Audiences See More Diversity On-Screen, But Would Like More Complex and Accurate Portrayals
How do audiences feel about the diversity they see in TV shows and movies today?
In 2021, Paramount Insights surveyed 15,000 consumers across the world to understand their perceptions of the state of on-screen representation and diversity. The resulting study, Reflecting Me, revealed that audiences craved better representation both on- and off-screen.
In 2023, as part of our Content for Change initiative, we set out to refresh our understanding and build upon those findings from two years earlier. In addition to a new global survey of consumers ages 13 to 49 in 15 countries, we spoke to a variety of leading figures shaping the global conversation around media and culture.
Here’s some of what we learned from this research about audiences’ current perceptions of representation in TV shows and movies:
Viewers want more on-screen diversity. Three-quarters of people globally think there needs to be more diversity in TV shows and movies.
Media portrayals continue to have a strong positive influence upon people’s perceptions of different groups. Our research in both 2021 and 2023 found that TV show and movie portrayals have a positive influence the ways different groups are seen, exceeding the influence of news coverage, laws, and the opinions of friends or family. Additionally, most people (82%) agree that “the portrayals of groups and identities in TV shows and movies influence perceptions about them in the real world”
Audiences believe the quantity of representation is improving. Since 2021, people have shifted toward thinking a variety of groups have “the right amount” of representation, including many groups that were perceived to be more underrepresented two years ago – women, Black people, people of Asian heritage, immigrants, indigenous people, and people with mental or physical disabilities.
Satisfaction with the quality of portrayals has not improved, however. Many people do not feel reflected in the content they see. Even though there is more diverse content available than in 2021, the percentage of viewers who feel satisfied with representation has remained at around 50%. Additionally, 56% of consumers agree that “people like me are not represented enough” and 53% agree that “people like me are represented inaccurately.”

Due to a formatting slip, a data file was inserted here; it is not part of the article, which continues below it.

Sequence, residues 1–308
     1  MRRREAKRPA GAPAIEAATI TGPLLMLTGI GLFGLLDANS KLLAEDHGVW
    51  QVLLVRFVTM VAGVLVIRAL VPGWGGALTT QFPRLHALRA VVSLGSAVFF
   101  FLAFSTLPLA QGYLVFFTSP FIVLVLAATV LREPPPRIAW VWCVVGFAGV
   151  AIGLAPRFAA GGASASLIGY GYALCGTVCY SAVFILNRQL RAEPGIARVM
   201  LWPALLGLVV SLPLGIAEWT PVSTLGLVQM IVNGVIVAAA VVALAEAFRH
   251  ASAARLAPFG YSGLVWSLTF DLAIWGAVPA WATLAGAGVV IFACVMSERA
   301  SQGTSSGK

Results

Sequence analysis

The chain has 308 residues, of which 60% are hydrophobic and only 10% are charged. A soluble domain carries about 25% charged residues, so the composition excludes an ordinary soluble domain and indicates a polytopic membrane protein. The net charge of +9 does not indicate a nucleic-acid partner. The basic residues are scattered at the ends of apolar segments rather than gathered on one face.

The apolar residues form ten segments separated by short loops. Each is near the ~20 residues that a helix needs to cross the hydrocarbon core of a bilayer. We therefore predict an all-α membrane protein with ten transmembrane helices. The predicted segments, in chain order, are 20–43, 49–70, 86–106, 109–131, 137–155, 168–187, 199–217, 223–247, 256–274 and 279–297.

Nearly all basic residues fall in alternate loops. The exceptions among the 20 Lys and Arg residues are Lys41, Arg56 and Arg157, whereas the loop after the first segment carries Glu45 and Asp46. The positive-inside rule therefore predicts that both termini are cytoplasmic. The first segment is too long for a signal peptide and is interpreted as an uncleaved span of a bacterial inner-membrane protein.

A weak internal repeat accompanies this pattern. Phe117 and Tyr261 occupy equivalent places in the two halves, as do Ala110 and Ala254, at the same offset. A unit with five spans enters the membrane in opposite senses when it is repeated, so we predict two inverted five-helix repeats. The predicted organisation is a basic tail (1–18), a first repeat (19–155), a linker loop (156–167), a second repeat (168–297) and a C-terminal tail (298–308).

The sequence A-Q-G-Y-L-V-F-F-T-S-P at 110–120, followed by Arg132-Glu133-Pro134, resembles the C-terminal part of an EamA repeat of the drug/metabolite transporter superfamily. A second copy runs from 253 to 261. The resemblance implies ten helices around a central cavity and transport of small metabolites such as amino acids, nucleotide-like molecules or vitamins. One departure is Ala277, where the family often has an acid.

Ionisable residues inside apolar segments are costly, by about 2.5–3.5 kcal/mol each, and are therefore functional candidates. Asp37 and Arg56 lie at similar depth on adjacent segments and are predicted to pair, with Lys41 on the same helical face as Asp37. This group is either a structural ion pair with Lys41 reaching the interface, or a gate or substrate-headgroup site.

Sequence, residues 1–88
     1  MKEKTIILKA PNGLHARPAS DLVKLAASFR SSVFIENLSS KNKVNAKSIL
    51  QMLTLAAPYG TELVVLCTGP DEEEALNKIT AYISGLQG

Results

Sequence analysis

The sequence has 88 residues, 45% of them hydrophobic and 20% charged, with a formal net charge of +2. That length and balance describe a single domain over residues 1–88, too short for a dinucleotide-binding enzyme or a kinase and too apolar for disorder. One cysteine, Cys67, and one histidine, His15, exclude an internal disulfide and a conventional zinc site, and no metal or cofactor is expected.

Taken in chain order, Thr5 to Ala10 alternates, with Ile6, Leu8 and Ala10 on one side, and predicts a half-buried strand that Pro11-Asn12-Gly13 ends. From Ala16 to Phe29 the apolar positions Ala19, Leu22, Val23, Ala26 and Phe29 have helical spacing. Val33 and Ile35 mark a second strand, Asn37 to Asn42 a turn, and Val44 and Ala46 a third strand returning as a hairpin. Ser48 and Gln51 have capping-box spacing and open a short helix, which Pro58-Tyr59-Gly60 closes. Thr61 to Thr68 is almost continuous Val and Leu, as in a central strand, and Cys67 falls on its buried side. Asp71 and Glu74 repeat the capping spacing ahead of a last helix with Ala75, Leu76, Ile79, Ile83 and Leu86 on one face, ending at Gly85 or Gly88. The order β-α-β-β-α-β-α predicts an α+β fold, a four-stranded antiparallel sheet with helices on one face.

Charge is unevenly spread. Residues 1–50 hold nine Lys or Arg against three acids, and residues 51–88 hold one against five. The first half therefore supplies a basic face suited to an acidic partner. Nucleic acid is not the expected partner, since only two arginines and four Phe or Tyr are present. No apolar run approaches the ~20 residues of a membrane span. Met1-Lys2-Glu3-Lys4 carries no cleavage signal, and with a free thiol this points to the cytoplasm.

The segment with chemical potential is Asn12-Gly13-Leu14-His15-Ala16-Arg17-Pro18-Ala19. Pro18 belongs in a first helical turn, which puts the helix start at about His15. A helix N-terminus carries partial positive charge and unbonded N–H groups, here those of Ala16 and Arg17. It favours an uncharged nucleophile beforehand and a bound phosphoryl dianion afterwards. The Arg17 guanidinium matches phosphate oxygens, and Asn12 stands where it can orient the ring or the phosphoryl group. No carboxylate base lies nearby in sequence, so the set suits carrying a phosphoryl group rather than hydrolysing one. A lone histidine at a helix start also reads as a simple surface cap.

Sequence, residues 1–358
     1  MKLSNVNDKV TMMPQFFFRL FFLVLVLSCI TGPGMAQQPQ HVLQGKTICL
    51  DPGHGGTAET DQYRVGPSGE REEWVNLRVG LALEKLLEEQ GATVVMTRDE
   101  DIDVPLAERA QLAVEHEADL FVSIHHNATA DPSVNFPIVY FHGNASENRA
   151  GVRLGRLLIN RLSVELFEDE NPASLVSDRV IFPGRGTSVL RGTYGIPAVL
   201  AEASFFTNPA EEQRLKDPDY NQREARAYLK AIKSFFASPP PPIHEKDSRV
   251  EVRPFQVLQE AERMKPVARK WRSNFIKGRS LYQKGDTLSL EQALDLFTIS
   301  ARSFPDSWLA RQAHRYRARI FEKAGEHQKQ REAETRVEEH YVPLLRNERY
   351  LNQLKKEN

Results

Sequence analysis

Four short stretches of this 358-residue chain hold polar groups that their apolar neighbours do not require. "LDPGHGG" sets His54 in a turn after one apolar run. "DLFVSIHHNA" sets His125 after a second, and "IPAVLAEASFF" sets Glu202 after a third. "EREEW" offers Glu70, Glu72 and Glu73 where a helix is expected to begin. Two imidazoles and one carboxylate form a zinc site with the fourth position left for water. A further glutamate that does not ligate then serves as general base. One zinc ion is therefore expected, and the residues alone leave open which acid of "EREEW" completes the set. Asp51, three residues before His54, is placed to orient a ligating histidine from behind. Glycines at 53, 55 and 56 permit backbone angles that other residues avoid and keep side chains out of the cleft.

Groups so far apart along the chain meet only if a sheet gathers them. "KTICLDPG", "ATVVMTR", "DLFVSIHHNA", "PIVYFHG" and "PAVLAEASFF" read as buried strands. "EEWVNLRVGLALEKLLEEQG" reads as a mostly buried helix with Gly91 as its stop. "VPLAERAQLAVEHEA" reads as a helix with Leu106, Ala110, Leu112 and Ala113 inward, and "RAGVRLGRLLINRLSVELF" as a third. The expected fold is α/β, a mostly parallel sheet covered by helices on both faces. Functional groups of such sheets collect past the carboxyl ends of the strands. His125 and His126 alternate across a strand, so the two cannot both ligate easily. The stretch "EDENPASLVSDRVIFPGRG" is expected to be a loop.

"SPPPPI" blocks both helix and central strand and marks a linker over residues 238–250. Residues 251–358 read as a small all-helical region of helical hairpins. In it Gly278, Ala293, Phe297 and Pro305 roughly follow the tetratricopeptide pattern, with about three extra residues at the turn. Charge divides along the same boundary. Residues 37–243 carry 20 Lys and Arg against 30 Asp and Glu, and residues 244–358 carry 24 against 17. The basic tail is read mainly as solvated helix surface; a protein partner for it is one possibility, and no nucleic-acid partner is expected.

Stereotyping is felt most acutely when it comes to race/ethnicity, as well as sexual and gender identity. Among people who feel poorly represented, people feel most stereotyped based on their race/ethnicity (66%), sexual orientation (64%), gender identity (63%), body shape/type (63%), economic status (62%), and religion/beliefs (60%).
Viewers want intersectional representation that depicts the nuance of the human experience. This research found that among those who feel poorly represented, the more marginalized identities with which a person self-identifies, the more likely they are to agree that “the stories told only ever focus on one aspect of my identity.” Among people globally, 81% agree that “multiple facets of identity should be represented in TV shows and movies, not just one.”
People want the entertainment business to commit to better representation on both sides of the camera. Almost 8 in 10 consumers believe that the companies making TV shows and movies should commit to increasing diversity and representation within the content as well as among those involved in all facets of its creation – from writers to directors to camera operators and beyond.
Looking to the future, audiences remain optimistic that on-screen representation will improve. When asked how they think representation in TV shows and movies will change over the next 5 years, people were three times more likely expect it to get better (46%) rather than worse (15%).